What is a data warehouse?

According to Bill Inmon (Considered the father of DW),

“A data warehouse is a subject-oriented, integrated, time-varying, non-volatile collection of data in support of the management’s decision-making process.”

According to Tom Wailgum (IT Journalist),

Optimistic miners who dropped everything to go west during the gold rush were looking for those sparkling little nuggets that promised to make them rich. In many respects, using a data warehouse is a lot like those journeys west. Companies that go about it the right way discover software packages that help them pickax their way through mountains of data. If they successfully implement data warehouses, they may uncover unexpected buying patterns to aid decision making, cut costs and improve customer service.

According to Stanford University,

“A Data Warehouse is a repository of integrated information, available for queries and analysis. Data and information are extracted from heterogeneous sources as they are generated….This makes it much easier and more efficient to run queries over data that originally came from different sources.”

According to US industry group Data Into Action,

Have you ever reviewed a report, put it down, and realized that as a result of your inspection you had more questions? How tough was it to get answers to the follow up questions? If you’re like most folks in business today the answer to the first question was an emphatic YES. To the second question, your answer might depend on whether or not you have an effective Data Warehouse in place.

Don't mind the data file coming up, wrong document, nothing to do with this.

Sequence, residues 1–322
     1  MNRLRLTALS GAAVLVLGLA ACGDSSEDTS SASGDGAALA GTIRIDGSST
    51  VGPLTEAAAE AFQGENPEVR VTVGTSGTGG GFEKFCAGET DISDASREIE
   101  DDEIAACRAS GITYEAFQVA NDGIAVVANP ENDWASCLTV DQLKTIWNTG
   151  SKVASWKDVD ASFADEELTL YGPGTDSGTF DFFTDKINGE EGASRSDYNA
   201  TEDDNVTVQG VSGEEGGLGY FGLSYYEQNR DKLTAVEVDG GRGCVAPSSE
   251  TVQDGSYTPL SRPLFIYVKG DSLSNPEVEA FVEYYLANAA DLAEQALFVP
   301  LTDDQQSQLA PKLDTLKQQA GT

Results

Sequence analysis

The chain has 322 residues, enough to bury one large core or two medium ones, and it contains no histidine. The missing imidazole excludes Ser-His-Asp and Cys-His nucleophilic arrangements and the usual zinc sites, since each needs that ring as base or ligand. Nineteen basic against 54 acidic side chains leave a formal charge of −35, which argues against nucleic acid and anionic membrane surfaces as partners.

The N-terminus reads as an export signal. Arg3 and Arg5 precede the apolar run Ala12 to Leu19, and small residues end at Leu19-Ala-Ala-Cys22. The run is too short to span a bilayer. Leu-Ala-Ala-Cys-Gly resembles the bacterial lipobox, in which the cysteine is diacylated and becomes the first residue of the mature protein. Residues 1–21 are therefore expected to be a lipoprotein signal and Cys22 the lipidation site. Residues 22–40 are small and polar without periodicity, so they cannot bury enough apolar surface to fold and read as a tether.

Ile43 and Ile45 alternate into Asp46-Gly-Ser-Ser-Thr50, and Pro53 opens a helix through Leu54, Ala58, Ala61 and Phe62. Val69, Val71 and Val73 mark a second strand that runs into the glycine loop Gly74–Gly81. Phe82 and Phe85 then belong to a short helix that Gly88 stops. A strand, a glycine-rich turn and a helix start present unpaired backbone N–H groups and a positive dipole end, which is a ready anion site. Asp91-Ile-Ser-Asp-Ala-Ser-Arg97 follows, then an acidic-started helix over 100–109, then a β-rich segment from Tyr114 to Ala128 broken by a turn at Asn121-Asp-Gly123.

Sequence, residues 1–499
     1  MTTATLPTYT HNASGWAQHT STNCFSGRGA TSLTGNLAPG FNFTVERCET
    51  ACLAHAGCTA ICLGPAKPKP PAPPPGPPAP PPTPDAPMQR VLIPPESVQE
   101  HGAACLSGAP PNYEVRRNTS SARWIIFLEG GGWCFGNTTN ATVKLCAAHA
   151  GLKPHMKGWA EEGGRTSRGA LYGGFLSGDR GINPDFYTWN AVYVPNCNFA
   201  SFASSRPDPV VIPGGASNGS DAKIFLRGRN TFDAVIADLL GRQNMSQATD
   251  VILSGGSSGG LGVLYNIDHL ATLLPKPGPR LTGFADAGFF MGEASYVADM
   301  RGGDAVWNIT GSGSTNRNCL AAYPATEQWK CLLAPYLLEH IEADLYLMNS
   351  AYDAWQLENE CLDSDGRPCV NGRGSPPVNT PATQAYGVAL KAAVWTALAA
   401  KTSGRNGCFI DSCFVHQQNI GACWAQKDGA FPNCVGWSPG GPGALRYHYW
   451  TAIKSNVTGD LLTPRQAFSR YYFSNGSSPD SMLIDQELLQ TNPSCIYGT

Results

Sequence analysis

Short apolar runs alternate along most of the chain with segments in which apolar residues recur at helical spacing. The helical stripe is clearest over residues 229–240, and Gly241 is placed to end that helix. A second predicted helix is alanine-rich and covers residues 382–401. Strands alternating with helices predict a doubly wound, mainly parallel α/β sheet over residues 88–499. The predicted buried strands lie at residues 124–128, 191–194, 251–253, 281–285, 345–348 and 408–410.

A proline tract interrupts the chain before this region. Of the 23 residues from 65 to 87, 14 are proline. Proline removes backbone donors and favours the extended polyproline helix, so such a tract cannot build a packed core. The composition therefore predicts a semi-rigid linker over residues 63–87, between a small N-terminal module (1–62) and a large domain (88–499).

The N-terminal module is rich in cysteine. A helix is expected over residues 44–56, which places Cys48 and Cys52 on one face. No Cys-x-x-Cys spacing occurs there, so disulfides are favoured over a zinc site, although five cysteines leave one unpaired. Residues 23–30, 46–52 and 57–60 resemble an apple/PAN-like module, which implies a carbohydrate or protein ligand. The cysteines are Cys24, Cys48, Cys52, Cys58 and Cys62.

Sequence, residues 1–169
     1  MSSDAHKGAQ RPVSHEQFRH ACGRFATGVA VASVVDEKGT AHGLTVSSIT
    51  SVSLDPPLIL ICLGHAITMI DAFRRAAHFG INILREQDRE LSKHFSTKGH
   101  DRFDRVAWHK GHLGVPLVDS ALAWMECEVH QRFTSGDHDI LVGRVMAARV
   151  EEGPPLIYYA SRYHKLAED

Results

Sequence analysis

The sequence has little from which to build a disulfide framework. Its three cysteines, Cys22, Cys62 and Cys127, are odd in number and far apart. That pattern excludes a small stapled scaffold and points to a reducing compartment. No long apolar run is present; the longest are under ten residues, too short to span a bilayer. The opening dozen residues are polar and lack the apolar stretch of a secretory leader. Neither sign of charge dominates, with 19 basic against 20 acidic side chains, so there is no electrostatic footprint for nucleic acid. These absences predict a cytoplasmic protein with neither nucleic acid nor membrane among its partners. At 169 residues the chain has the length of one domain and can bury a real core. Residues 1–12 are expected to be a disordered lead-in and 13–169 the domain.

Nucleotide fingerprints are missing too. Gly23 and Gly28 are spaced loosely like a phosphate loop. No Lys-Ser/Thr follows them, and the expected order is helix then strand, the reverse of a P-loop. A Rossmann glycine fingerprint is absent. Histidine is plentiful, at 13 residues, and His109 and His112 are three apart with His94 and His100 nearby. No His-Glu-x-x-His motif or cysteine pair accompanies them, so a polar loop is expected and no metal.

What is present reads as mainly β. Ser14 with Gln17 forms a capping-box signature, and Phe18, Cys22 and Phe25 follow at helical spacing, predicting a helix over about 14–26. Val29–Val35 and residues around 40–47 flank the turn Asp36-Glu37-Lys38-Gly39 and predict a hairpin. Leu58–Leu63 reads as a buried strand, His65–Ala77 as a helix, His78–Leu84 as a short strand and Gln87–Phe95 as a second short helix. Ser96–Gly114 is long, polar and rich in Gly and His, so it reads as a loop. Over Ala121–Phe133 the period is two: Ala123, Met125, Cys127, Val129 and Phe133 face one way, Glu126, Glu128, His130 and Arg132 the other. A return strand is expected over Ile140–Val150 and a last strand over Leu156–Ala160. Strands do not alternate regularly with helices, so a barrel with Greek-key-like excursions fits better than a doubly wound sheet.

For many, the answers to questions generated by the review of a production or ad-hoc report are not available for days or even weeks. Sometimes, we forget the question by the time we get the answer. A Data Warehouse, properly designed and implemented, should provide you with the ability to transform data into action. In this way, a decision-maker must have the ability to keep asking questions of their data until they have enough information to take action.

According to Ralph Kimball (Probably most well known person in Data Warehousing!)

“A copy of transaction data specifically structured for query and analysis”.

From Kimball’s book, “The Data Warehouse Toolkit”, Page 310.

 According to Colin Saunders (Data Warehouse Consultant),

“A repository of information that answers two questions,¬† ‘What does the world look like today?’ and ‘What did the world look like yesterday, last week, last month or last year, etc’ “.